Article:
With the recent long winter, on some farms and ranches hay supplies are short or completely used up. In some areas of the province, purchasing hay is not an option, so some producers are turning cows out on banked grass that was not grazed last fall because of the early snowfall.
“Forage quality in banked grass in the spring is not as good as it was last fall,” says Barry Yaremcio, beef and forage specialist with Alberta Agriculture and Rural Development.
“Weathering has reduced the amount of protein and energy present in the forage. It is possible for protein content to be two to three units lower (if 10 per cent last fall – could be eight per cent or less this spring) and energy could be down by five points or more (TDN of 62 last fall – could be 57 per cent or less this spring). Digestibility of the forage is usually lower in the spring as well.”
Lactating cows require a ration that contains 65 per cent TDN and 11 per cent protein on a dry matter basis. If the forage is not meeting these requirements, it is necessary to feed grain and a protein source such as peas, canola meal or a pelleted supplement.
“It is important to meet nutritional requirements of the lactating cow,” says Yaremcio. “A protein or energy deficiency that reduces the amount of milk produced at peak lactation (eight to 10 weeks after calving) lowers the total amount of milk produced over the entire lactation. If total milk yield is reduced by two to three pounds a day at peak lactation compared to the animals’ potential, the loss will continue on for the entire lactation. It takes seven pounds of milk to produce one pound of gain for a young calf. The lower milk production could reduce calf weaning weight by 30 to 40 pounds.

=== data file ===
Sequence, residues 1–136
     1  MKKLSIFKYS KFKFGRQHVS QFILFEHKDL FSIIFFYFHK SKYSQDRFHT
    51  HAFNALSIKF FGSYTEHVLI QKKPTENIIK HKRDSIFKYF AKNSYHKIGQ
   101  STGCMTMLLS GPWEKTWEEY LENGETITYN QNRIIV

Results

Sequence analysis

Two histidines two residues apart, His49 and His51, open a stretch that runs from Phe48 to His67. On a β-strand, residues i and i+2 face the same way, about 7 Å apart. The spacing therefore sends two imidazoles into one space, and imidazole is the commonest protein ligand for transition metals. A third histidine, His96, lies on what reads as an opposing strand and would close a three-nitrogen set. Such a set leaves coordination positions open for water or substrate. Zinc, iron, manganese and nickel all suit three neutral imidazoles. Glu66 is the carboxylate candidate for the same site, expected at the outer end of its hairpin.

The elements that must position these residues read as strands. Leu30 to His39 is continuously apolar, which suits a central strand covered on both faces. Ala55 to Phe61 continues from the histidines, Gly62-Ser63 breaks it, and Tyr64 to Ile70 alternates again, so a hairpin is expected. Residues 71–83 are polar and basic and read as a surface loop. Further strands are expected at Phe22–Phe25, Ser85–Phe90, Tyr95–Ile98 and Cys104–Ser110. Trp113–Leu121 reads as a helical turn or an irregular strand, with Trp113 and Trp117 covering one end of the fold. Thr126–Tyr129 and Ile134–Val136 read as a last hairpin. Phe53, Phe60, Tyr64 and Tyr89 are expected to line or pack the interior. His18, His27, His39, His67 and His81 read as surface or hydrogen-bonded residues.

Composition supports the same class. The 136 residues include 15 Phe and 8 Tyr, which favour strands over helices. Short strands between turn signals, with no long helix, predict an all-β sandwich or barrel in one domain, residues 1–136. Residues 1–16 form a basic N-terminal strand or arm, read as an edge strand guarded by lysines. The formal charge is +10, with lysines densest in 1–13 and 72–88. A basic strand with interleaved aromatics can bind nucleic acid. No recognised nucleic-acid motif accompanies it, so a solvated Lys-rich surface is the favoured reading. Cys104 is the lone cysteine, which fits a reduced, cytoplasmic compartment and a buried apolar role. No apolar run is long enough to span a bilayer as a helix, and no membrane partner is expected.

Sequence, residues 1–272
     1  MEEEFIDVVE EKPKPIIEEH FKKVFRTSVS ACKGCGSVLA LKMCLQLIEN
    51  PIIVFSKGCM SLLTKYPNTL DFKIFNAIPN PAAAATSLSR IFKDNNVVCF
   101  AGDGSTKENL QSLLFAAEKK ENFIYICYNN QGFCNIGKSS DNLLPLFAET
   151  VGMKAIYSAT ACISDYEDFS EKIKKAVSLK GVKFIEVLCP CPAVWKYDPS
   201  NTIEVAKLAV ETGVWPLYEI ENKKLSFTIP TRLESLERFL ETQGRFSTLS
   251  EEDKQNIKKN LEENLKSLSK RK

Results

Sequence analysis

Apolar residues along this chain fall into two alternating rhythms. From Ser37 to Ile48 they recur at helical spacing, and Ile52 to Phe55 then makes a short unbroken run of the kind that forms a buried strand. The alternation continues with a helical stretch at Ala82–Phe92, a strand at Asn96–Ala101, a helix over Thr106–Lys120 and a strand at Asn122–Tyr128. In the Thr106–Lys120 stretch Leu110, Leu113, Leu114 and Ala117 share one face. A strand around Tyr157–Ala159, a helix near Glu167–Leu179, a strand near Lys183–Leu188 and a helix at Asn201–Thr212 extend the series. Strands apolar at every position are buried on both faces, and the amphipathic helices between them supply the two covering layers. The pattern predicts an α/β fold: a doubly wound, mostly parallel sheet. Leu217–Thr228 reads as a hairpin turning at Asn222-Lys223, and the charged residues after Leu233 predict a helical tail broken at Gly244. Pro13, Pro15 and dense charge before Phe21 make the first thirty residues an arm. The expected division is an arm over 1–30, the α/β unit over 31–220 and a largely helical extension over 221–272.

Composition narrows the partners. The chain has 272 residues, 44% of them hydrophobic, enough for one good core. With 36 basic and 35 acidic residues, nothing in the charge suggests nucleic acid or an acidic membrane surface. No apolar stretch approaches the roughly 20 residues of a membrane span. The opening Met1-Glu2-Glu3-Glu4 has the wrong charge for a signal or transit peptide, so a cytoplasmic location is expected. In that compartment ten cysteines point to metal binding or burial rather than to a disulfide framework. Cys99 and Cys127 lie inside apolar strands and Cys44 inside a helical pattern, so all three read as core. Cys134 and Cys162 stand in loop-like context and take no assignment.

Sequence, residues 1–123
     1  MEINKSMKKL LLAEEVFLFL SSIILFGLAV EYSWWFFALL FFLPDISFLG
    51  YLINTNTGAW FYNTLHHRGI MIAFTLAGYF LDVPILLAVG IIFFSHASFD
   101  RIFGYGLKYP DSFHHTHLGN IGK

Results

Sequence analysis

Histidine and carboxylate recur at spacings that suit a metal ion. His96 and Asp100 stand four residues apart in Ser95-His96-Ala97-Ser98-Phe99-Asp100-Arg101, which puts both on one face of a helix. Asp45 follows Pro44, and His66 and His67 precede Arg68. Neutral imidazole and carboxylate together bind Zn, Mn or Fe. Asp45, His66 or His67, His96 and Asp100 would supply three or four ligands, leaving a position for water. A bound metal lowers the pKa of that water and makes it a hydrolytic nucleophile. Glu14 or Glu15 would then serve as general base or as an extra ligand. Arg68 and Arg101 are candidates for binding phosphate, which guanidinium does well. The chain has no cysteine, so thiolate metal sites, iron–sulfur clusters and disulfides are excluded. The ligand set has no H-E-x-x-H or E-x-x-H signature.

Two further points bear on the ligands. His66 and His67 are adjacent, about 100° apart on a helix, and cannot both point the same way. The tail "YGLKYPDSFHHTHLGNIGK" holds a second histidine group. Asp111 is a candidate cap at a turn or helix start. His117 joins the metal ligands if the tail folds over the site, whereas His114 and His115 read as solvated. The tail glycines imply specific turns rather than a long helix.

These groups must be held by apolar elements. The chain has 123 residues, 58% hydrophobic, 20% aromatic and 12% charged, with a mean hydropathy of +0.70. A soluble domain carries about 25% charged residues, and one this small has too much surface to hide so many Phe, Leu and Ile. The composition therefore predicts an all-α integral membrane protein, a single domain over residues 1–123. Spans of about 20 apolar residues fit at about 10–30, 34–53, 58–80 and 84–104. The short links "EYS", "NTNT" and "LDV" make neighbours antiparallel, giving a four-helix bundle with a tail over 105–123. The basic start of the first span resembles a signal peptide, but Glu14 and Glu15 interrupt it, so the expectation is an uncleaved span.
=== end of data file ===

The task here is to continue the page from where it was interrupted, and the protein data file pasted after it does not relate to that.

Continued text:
“If energy in the forage does not meet requirements, a cow will mobilize fat from her body to produce milk, and weight loss will occur. Reproductive efficiency is reduced when cows lose weight after calving. An animal that is 100 pounds lighter at breeding compared to at calving weight will take 15 to 30 days longer to come into heat and first-service conception rates are reduced by 25 to 30 per cent.”
Next year, when calves are born in the second cycle compared to the first, the calf will be 21 days younger at weaning, and could be 40 pounds lighter. At today’s price of $1.25 per pound for a 700-pound calf, that could result in a loss of $50 per calf. Combine the reduction of weight gain from a younger calf with the drop in milk production, income from each calf could be reduced by $100.
“It is very difficult to see a small drop in cow body weight,” says Yaremcio. “To be noticeable to the eye, a 100- to 200-pound reduction in weight is needed. By the time this happens, the damage is done and the problems mentioned above will probably occur.”
If there are questions about the quality of the banked forage, supplement with four to five pounds of grain and a pound of protein supplement per cow every second day to improve the overall nutrition of the cow. Continue with this feeding practice until new grass is very visible through the carry-over grass. These practices may cost $15 to $20 more in total to get the cows onto new pasture, but the return in the fall with heavier calves will be more than the feed costs.
Another option to improve calf weight gain is to put out a self-feeder and let the calves consume creep feed free choice.